For Howard Zinn, long-time civil rights and anti-war activist, history and ideology have a lot in common. Since he thinks that everything is in someone's interest, the historian—Zinn posits—has to figure out whose interests he or she is defining/defending/reconstructing (hence one of his previous books, The Politics of History). Zinn has no doubts about where he stands in this "people's history": "it is a history disrespectful of governments and respectful of people's movements of resistance." So what we get here, instead of the usual survey of wars, presidents, and institutions, is a survey of the usual rebellions, strikes, and protest movements. Zinn starts out by depicting the arrival of Columbus in North America from the standpoint of the Indians (which amounts to their standpoint as constructed from the observations of the Europeans); and, after easily establishing the cultural disharmony that ensued, he goes on to the importation of slaves into the colonies. Add the laborers and indentured servants that followed, plus women and later immigrants, and you have Zinn's amorphous constituency. To hear Zinn tell it, all anyone did in America at any time was to oppress or be oppressed; and so he obscures as much as his hated mainstream historical foes do—only in Zinn's case there is that absurd presumption that virtually everything that came to pass was the work of ruling-class planning: this amounts to one great indictment for conspiracy. Despite surface similarities, this is not a social history, since we get no sense of the fabric of life. Instead of negating the one-sided histories he detests, Zinn has merely reversed the image; the distortion remains.

Pub Date: Jan. 1, 1979

ISBN: 0061965588

Page Count: 772

Publisher: Harper & Row

Review Posted Online: May 26, 2012

Kirkus Reviews Issue: Jan. 1, 1979

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Buffs of the Old West will enjoy Clavin’s careful research and vivid writing.

TOMBSTONE

THE EARP BROTHERS, DOC HOLLIDAY, AND THE VENDETTA RIDE FROM HELL

Rootin’-tootin’ history of the dry-gulchers, horn-swogglers, and outright killers who populated the Wild West’s wildest city in the late 19th century.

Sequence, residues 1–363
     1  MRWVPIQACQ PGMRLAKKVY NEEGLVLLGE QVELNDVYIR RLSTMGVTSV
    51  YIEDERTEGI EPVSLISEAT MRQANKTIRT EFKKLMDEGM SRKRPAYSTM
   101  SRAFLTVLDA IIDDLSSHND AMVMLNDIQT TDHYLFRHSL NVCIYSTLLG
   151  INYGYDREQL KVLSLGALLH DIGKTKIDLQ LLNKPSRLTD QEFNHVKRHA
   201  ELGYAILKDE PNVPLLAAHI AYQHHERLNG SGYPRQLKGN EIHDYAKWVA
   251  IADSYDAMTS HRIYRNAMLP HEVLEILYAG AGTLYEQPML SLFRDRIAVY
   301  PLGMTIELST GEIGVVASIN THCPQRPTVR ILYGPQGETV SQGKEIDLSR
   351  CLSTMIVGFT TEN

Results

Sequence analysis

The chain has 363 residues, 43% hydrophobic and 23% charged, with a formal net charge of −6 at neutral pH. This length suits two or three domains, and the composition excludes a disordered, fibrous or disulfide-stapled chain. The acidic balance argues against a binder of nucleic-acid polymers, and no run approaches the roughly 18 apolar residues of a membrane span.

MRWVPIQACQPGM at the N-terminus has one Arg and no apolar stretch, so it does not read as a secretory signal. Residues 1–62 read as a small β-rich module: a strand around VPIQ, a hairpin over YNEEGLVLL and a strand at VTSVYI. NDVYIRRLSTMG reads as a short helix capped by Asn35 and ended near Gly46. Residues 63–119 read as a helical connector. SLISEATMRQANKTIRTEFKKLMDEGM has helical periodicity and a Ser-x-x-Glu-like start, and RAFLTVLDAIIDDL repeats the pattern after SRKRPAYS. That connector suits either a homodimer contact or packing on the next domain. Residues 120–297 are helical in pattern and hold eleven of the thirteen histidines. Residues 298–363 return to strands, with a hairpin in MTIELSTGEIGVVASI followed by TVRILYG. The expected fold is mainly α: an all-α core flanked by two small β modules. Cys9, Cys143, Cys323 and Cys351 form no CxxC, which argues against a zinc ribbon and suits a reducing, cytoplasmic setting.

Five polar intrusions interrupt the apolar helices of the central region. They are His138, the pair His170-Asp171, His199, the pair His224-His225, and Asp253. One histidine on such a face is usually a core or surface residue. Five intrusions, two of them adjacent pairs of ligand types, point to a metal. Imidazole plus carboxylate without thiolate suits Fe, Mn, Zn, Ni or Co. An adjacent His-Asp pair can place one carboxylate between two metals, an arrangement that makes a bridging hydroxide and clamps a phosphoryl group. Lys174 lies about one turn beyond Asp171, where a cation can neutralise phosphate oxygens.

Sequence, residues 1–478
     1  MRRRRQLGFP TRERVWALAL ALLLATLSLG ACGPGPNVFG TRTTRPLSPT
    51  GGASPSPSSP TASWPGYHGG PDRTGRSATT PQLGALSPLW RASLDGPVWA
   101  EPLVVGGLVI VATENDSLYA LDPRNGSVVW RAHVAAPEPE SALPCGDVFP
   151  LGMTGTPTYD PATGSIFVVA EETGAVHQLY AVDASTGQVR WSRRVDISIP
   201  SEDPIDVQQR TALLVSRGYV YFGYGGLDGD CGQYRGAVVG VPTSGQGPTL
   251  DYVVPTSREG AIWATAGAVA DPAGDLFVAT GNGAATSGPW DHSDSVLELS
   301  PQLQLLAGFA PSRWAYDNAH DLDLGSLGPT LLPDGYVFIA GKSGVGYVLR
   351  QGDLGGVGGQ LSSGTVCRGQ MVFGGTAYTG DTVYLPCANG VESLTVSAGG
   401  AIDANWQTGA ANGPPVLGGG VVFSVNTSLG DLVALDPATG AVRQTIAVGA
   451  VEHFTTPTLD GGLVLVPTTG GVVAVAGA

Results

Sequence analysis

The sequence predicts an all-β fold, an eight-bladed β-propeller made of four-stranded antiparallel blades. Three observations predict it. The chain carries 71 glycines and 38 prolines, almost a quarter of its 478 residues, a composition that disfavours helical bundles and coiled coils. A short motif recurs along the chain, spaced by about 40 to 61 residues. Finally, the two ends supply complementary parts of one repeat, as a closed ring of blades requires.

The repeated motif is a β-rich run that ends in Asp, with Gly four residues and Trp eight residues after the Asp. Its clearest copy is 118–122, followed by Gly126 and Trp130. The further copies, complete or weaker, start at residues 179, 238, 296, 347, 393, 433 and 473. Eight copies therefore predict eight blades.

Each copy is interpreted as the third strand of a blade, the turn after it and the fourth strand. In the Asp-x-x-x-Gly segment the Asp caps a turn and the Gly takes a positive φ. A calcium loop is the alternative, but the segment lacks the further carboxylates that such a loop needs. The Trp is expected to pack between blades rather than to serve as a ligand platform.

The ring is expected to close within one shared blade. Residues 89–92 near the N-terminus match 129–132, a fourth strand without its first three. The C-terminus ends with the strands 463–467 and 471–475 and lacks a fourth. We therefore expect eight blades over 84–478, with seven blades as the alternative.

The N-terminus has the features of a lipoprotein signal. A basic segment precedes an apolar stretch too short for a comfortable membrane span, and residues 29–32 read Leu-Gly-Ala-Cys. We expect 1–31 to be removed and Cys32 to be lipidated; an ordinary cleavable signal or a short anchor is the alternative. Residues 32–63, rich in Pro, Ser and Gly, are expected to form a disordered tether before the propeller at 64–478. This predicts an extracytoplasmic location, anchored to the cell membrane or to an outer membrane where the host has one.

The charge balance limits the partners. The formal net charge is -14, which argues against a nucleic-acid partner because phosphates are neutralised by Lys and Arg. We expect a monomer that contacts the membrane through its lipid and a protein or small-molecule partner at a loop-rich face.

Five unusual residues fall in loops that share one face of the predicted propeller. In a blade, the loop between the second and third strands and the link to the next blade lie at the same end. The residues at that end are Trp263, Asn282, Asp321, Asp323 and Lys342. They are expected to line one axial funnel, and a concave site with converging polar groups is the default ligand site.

The stories of Wyatt Earp and company, the shootout at the O.K. Corral, and Geronimo and the Apache Wars are all well known. Clavin, who has written books on Dodge City and Wild Bill Hickok, delivers a solid narrative that usefully links significant events—making allies of white enemies, for instance, in facing down the Apache threat, rustling from Mexico, and other ethnically charged circumstances. The author is a touch revisionist, in the modern fashion, in noting that the Earps and Clantons weren’t as bloodthirsty as popular culture has made them out to be. For example, Wyatt and Bat Masterson “took the ‘peace’ in peace officer literally and knew that the way to tame the notorious town was not to outkill the bad guys but to intimidate them, sometimes with the help of a gun barrel to the skull.” Indeed, while some of the Clantons and some of the Earps died violently, most—Wyatt, Bat, Doc Holliday—died of cancer and other ailments, if only a few of old age. Clavin complicates the story by reminding readers that the Earps weren’t really the law in Tombstone and sometimes fell on the other side of the line and that the ordinary citizens of Tombstone and other famed Western venues valued order and peace and weren’t particularly keen on gunfighters and their mischief. Still, updating the old notion that the Earp myth is the American Iliad, the author is at his best when he delineates those fraught spasms of violence. “It is never a good sign for law-abiding citizens,” he writes at one high point, “to see Johnny Ringo rush into town, both him and his horse all in a lather.” Indeed not, even if Ringo wound up killing himself and law-abiding Tombstone faded into obscurity when the silver played out.

Buffs of the Old West will enjoy Clavin’s careful research and vivid writing.

Pub Date: April 21, 2020

ISBN: 978-1-250-21458-4

Page Count: 400

Publisher: St. Martin's

Review Posted Online: Jan. 20, 2020

Kirkus Reviews Issue: Feb. 15, 2020